Attn: Hemp Program
PO Box 330
Trenton, New Jersey 08625
To apply for a hemp processor license in New Jersey, follow these steps:
Complete the Hemp Processor/Handler Application Form
Pay a $50 application fee (via check or money order)
Pay a hemp processor license fee as indicated below
Include license fee payment and supporting documentation, such as:
A copy of your driver's license
A copy of background check from the New Jersey State Police (for you and all key participants)
Processing, handling, and storage location maps (including name, site address, location IDs, and GPS coordinates)
Processor fee (total fee for each product to be processed):
Handlers - $450 annual fee
Fiber Processor - $450 annual fee
Grain Processor -$450 annual fee
Floral, Oil, or CBD Processor Extraction- $1,000 annual fee
Floral Processor-$1,000 annual fee Hemp Seed Oil Processor- $1,000
Product THC Test Fee = $150 per instance
Food Safety Permit, if applicable
FDA registration, if applicable
Signing authority for business entities, if applicable
Mail the completed application, and all required supporting documentation to the mail address listed above.
Note that all information submitted on the application must be accurate, typed, and complete. The NJDA does not accept responsibility for missing information due to formatting or printing errors on the applicants' end. Also, incomplete answers may result in the removal of your application from consideration. Once the NJDA receives your application, the department will review it and conduct an inspection of the proposed cultivation or processing site. If your application is approved, the NJDA will issue a license, which is valid for one year. For more information on obtaining a hemp license in New Jersey, see the NJDA Hemp Program website.
The costs of the hemp grower and hemp processor licenses in New Jersey vary depending on the factors such as the size of the property used in the cultivation and the number of products processed. Typical fees for both licenses are detailed below:
Hemp Grower License
Application fee: $50
License fee: $300 + $15 per acre of land used for the cultivation
Hemp Processor/Handler Fee
Application Fee: $50
Handler Fee: $450
Hemp Product Processing Fee:
Fiber Processor - $450 annual fee
Grain Processor - $450 annual fee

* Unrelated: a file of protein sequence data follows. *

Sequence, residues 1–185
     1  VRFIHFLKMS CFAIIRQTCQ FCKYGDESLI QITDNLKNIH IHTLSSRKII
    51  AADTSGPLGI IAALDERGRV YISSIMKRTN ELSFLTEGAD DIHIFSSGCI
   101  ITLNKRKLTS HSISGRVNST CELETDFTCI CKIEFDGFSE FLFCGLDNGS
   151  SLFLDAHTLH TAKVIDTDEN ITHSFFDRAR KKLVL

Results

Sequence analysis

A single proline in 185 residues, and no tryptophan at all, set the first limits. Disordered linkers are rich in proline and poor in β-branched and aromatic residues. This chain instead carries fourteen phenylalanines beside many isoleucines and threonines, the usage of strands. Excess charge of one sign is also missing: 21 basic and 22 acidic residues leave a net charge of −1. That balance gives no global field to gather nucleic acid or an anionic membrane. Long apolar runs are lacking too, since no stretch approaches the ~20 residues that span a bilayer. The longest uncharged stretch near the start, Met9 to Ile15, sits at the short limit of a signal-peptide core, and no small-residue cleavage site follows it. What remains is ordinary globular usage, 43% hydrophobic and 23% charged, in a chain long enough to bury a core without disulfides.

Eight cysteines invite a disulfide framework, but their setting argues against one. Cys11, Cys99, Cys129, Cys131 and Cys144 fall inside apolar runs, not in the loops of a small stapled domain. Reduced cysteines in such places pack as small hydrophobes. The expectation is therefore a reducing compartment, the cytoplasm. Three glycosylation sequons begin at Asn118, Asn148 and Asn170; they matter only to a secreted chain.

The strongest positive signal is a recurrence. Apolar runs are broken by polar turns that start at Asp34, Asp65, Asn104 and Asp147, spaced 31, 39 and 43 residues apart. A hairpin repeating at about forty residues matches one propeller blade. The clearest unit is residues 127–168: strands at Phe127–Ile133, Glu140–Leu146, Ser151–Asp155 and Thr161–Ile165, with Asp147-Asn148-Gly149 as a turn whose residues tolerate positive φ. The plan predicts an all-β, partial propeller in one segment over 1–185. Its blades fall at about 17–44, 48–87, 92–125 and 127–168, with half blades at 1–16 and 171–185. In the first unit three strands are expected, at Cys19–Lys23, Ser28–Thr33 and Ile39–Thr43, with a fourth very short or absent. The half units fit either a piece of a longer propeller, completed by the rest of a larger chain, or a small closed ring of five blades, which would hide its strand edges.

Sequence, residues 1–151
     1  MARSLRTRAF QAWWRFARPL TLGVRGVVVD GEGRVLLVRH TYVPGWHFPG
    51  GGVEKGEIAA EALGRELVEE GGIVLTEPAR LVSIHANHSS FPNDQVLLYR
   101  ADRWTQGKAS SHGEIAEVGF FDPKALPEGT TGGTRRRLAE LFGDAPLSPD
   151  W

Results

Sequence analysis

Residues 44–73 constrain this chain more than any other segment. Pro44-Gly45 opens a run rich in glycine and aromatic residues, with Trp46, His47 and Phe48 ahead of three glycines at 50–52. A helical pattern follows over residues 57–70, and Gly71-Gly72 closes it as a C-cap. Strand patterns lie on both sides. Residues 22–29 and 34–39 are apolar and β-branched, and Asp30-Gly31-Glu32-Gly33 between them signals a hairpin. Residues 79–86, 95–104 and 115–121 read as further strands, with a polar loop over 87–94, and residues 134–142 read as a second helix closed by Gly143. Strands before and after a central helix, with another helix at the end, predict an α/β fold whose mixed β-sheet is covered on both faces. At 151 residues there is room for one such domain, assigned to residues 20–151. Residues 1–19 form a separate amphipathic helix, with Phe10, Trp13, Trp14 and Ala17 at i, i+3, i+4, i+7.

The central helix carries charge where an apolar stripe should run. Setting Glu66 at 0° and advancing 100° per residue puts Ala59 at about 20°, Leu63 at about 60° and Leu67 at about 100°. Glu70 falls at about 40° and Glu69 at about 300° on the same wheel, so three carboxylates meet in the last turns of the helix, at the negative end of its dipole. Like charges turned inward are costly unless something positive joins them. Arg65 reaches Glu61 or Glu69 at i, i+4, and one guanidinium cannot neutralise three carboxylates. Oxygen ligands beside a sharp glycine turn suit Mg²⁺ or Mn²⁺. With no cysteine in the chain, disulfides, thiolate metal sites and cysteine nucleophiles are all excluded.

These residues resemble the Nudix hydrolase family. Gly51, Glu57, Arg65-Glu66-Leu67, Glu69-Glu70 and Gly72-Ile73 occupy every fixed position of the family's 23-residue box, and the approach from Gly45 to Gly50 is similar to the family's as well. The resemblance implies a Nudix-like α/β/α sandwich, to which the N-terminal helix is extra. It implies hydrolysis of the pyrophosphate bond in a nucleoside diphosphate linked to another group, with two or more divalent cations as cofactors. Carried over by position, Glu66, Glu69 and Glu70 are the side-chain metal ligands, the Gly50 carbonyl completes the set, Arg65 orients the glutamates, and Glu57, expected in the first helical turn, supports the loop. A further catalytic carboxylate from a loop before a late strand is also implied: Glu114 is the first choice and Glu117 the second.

Floral, Oil, or CBD Processor Extraction - $1,000 annual fee
Floral Processor - $1,000 annual fee
Hemp Seed Oil Processor- $1,000
Note that all fees stated are due annually at the renewal of each license.
The first step in growing hemp in New Jersey is to secure a license from the NJDA. After obtaining the license, the following stage is to prepare the ground for planting. Hemp grows best on well-drained soil with a pH between 6 and 7.5. A soil test is recommended to detect any nutrient deficits and make any required modifications.
Hemp is cultivated differently from marijuana in several ways, including plant spacing and harvest time. To allow for greater ventilation and avoid disease transmission, hemp plants are often spaced more widely apart than marijuana plants. Hemp may be cultivated from seed or clone, and the planting technique will depend on the equipment available. Planting equipment such as a grain drill can be used for bigger operations, while manual planting can be used for smaller operations.
After planting, hemp requires regular watering and weed control. While pesticides are allowed in New Jersey, the NJDA website does not provide a list of accepted pesticides in the state. You may refer to the New Jersey Department of Environmental Protection Compliance and Enforcement for state pesticide regulations.
The harvesting period for hemp will be determined by the proposed use of the plant. If cultivation is done with the goal of producing fiber, then hemp plants should be harvested before the plants begin to flower. However, if cultivation is done for seed or CBD production, hemp crops should be harvested when the plants are completely developed and the flowers have attained peak CBD levels.
Harvesting may be done manually or by machine, and the crop must be dried and processed. Once processed, hemp may be sold or used to make several items, such as textiles, paper, food, and oil.
It is legal in New Jersey to purchase smokable hemp flowers. Residents can buy hemp flowers at local stores and online. Hemp flowers may be purchased in a variety of locations, including smoke shops, CBD businesses, and online retailers.
The state places no restrictions on the amount of hemp flowers that may be bought by residents. Also, the state allows businesses to ship hemp flowers from other states into New Jersey as long as the products contain no more than 0.3% THC.
Hemp and THC are not the same. THC (tetrahydrocannabinol) is the psychotropic ingredient present in high amounts in marijuana, whereas hemp is a cannabis plant type with relatively low THC levels. Under federal and state laws, hemp is classified as cannabis containing no more than 0.3% THC by dry weight.
The sale of hemp products containing more than 0.3% THC is prohibited in New Jersey under the state's hemp statute. This implies that the state prohibits the sale of hemp-derived THC products containing more than 0.3% THC are illegal.
Hemp is a variety of the cannabis plant that is low in THC but high in CBD, among other non-psychoactive cannabinoids. CBD, on the other hand, is a cannabinoid found in both hemp and marijuana plants. CBD can be extracted from hemp to make various products, such as oils, capsules, topicals, and edibles. The sale of hemp-derived CBD products is legal in New Jersey as long as the products contain no more than 0.3% THC.
Hemp has a wide range of applications other than medical uses. One of the most well-known applications of hemp is in textile production since the plant's fibers can be spun into long-lasting and environmentally friendly materials. Hemp is also used to make paper since it can be grown and harvested faster than trees and requires less processing to transform into paper pulp.
Aside from textiles and paper, hemp is used to make building materials such as hempcrete, a lightweight alternative to regular concrete. Hemp seeds are also a popular dietary source due to their high protein content and essential fatty acid content. Hemp oil, derived from plant seeds, is used in various items, such as food and skincare products.